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Title: Implementation of INH Chemoprophylaxis in children below 6 years of age as per RNTCP Paediatric guidelines in a tertiary hospital: a situational analysis

Article Number: EC2/2015/181

Authors: Roshni Chugh, Dr. Aarti Kinikar

Topic: Medicine


In a developing country like India, education and awareness about health problems among the masses is one of the most significant concerns. This lack of knowledge about various diseases that is prevalent throughout our country is having an adverse effect on the health status of our population. Tuberculosis (TB) is an example of one such disease. According to the WHO TB Report 2014, India accounts for 23% of the global with TB cases, where the deaths rose to 1.5 million deaths last year which included 140,000 children. However, surprisingly, childhood TB is given a low priority in most national health programs and is often neglected in this epidemic. The source of infection for most children is an infectious adult in close proximity.

 India has the Revised National Tuberculosis Control Program (RNTCP), aimed at tackling TB includes guidelines for Pediatric TB as well. Under this Program, INH Chemoprophylaxis at 10 mg/ kg/day is expected to be administered by health care professionals to asymptomatic children and those not suffering from TB; these children should be <6 years of age and in close contact with a sputum positive adult TB patient. However, despite this recommendation, we found that many of these children were not initiated on INH Prophylactic Treatment (IPT).

AIM: To assess the implementation of RNTCP guidelines regarding INH Chemoprophlyaxis for children below 6 years age in contact with sputum positive adult TB patients followed in clinical practice.

METHODOLOGY: This is a cross sectional observational study, to be conducted at TB OPD/ ward of a tertiary level teaching hospital. The study participants were diagnosed patients of TB who are sputum positive and are coming to the TB OPD/ admitted in the TB ward of a tertiary care referral teaching hospital (urban area).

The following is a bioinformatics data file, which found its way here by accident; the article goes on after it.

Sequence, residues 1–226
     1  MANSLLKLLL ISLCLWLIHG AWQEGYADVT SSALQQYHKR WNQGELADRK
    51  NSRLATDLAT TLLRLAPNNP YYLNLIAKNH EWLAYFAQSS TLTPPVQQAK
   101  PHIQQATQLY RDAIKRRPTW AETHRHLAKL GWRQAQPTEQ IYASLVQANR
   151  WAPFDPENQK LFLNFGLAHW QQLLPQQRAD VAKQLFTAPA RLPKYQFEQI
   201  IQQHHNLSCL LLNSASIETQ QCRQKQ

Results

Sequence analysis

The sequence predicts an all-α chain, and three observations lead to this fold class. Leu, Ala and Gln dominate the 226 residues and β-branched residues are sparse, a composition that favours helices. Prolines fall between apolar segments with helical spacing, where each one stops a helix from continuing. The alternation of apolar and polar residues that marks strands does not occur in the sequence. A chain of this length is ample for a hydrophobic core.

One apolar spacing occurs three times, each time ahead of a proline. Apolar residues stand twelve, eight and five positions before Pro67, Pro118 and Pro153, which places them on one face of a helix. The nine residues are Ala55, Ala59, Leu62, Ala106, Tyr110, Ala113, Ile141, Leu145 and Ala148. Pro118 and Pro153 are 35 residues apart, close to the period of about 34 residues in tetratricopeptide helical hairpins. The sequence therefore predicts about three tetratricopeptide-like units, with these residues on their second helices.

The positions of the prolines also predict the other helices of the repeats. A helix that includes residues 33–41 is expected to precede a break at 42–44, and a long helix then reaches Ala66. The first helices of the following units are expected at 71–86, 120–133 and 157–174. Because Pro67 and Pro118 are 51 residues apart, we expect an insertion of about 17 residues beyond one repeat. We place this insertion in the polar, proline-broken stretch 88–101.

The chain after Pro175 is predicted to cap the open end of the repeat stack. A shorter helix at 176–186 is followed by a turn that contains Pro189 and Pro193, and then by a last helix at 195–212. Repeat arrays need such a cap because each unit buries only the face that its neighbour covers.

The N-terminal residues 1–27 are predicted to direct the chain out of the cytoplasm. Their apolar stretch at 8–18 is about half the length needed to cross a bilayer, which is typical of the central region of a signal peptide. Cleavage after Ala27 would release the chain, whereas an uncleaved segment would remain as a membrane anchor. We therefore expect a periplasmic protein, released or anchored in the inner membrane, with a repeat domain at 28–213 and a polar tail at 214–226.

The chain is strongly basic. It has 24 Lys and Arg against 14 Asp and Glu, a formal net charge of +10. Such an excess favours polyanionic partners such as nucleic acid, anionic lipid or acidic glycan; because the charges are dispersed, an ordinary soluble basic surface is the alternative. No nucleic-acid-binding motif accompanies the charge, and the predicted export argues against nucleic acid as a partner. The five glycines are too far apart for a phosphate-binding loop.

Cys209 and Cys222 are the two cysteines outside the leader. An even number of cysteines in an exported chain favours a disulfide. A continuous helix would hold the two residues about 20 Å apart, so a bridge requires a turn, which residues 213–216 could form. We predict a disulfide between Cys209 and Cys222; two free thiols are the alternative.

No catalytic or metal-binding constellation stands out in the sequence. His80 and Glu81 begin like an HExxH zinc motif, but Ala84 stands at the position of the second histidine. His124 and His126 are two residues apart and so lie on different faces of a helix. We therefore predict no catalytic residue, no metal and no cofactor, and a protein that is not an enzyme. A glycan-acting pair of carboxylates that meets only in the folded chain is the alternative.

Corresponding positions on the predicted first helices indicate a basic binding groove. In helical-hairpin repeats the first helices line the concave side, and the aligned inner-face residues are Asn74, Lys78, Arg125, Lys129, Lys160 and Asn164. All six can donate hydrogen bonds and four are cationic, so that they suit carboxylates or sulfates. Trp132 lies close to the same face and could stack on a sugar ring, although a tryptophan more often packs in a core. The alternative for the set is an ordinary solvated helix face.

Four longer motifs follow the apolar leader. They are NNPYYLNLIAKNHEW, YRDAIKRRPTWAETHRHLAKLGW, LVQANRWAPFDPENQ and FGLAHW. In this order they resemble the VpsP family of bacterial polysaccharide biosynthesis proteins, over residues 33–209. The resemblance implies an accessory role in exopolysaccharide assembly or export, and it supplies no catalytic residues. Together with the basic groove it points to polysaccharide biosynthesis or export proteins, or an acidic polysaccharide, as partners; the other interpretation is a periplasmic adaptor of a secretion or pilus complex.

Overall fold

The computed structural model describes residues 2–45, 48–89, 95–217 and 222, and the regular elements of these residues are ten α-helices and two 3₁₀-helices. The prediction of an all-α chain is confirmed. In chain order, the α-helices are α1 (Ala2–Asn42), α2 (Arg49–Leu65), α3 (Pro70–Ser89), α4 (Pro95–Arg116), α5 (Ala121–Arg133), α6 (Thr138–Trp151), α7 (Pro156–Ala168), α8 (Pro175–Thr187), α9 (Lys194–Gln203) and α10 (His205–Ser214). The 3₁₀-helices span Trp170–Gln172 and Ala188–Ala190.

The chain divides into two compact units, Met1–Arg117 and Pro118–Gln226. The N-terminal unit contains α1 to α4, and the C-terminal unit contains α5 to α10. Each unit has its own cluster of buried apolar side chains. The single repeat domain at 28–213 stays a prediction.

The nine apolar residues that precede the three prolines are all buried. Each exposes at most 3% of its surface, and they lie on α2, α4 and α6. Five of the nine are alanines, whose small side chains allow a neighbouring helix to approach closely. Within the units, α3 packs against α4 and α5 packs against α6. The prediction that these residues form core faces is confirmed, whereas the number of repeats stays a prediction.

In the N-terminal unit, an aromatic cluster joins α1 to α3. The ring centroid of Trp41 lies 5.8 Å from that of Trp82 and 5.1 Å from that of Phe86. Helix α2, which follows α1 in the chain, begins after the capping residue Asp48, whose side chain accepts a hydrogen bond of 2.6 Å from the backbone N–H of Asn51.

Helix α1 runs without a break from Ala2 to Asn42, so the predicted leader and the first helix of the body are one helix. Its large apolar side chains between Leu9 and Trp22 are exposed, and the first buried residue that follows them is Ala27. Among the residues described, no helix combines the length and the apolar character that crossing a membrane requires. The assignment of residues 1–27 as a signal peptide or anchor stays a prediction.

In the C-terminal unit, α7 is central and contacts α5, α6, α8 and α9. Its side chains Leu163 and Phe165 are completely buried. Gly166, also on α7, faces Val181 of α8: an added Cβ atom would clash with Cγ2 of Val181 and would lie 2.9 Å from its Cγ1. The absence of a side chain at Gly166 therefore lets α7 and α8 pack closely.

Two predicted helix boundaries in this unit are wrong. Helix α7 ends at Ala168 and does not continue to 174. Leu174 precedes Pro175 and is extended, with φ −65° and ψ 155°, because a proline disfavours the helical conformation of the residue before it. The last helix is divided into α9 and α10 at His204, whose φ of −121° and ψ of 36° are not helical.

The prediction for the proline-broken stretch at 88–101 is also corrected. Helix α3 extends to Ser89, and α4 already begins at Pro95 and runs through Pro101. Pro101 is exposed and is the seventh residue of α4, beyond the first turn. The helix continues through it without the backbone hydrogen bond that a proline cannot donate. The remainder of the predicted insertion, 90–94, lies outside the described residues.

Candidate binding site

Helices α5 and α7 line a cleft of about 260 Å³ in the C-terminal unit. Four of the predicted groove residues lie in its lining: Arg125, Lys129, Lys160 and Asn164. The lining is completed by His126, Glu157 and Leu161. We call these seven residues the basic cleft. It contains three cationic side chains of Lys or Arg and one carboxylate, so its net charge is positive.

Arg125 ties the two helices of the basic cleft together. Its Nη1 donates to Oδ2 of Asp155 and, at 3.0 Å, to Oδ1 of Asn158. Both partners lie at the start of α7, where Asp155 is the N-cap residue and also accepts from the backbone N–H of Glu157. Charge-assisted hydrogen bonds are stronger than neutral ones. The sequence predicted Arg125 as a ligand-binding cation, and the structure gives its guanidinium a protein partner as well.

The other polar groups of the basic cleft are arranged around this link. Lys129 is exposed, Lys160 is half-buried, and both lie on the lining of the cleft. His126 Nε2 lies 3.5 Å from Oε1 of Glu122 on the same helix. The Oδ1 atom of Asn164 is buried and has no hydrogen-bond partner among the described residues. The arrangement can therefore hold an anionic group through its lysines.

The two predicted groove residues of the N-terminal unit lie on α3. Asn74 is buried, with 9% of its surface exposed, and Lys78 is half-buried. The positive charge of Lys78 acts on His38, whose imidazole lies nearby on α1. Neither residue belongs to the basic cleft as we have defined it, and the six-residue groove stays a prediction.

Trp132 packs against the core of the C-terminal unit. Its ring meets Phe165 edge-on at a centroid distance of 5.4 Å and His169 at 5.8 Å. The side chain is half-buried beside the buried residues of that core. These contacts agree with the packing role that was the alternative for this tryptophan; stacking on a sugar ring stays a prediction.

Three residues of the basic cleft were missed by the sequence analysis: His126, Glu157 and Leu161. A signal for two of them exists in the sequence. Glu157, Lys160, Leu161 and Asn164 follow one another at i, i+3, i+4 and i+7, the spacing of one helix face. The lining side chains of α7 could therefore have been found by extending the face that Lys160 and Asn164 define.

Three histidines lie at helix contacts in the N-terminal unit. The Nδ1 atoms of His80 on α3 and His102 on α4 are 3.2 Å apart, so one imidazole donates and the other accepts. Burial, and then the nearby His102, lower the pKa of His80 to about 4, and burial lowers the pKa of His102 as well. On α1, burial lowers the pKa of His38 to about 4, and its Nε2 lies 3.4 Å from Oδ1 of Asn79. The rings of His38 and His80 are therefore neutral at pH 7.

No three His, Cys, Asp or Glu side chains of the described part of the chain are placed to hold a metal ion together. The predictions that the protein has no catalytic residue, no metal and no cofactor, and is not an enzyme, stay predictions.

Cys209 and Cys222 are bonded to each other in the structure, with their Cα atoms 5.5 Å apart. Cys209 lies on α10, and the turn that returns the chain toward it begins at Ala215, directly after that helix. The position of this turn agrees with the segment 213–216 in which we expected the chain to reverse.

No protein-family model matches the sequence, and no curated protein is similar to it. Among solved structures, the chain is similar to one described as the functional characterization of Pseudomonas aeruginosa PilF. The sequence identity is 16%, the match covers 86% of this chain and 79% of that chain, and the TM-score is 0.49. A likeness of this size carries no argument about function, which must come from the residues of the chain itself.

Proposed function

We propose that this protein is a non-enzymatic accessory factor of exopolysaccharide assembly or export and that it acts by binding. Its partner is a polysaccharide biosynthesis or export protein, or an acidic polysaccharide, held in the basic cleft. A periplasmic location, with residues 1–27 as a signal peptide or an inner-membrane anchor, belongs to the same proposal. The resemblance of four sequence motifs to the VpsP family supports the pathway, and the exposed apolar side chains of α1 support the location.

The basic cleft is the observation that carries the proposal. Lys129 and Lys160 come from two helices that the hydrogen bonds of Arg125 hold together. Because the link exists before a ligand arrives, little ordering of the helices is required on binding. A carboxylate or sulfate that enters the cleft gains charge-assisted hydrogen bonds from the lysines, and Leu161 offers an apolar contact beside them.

The conduct of the study will be an interview using this pre-designed questionnaire, administered by a researcher in the TB OPD/ ward, which would lead to a statistical analysis of the percentage of patients who were informed, initiated,  and those still unaware of the IPT for their children who are below 6 years of age.

 RESULTS: Of 160 index TB adult sputum positive patients identified, 49 (30%) were eligible under the study as they had children less than 6 years of age.The profile of the children of these 49 patients was taken. Sixty six children of these 49 patients were eligible and should have received the IPT regimen.

Of the total number of patients who were interviewed, only 9 patients (18.4%) initiated their children on INH Chemoprophylaxis, this included 15 children out of eligible 66 children (22.7%) .The most prominent observation made was this low level of awareness regarding IPT implementation with only 2 children (13%) completing the entire course of therapy and 2 children (13%) having poor level of adherence completing less than 2 months of therapy, and the rest 11 children (74%) having very poor levels of adherence.


CONCLUSION: This study confirms the poor level of implementation of the RNTCP guidelines regarding the INH Chemoprophylaxis, to be given in children <6 years of age in contact with sputum positive TB patients.


    COMMENT - 1

  • Matin Ahmad Khan (Viewer) 18th Nov 2015 - 4:02 PM
    Various studies Isoniazid prophylaxis reduces the risk of developing tuberculosis by 59% among children aged 15 years or younger excluding children initiated during early infancy for primary prophylaxis. But in our country with exposure of TB at very early age put the children at additional risk of getting TB infection and treating with a single medicine INH as chemo-prophylaxis can be counter productive resulting into 'MDR -TB . So further studies are needed to assess effects on mortality and to determine prophylaxis effectiveness in very young children and and even among HIV-infected children in our set ups More studies like yours are required.

  • COMMENT - 2

  • Surya Narayanan Sethumadavan (Viewer) 19th Nov 2015 - 3:54 PM
    While the intention is indeed welcome, isn't over aggressive treatment of tuberculosis an open invitation to several problems like bone marrow suppression and blood disgraciases? How do we deal with side effects of TB treatment in children? And statistic generation in India especially in remote areas where childhood tuberculosis is prevalent is a big challenge. What are the other studies being done to generate statistics. Is the WHO report the only basis for decide the prevalence of tuberculosis in pediatric age group?

  • COMMENT - 3

  • C.D. Dayanand (Viewer) 25th Nov 2015 - 9:11 AM
    Dear author
    Excellent observation, kindly do it in larger scale and provide data to GOI
    my question is that, questionnaire prepared was present in their local language if yes ignore this question

    Prof Dr C.D.Dayanand

  • COMMENT - 4

  • Sandeep T (Viewer) 25th Nov 2015 - 10:31 AM
    Were there any adverse effects in the children due to the drug?

  • COMMENT - 5

  • Amitabha Ray (Viewer) 25th Nov 2015 - 10:39 PM
    This paper would have been more complete if the authors had provided some comparative data from neighboring South Asian countries. Nevertheless, this is a valuable contribution to the existing literature, and hopefully future researchers will be able to utilize the data in a comparative context.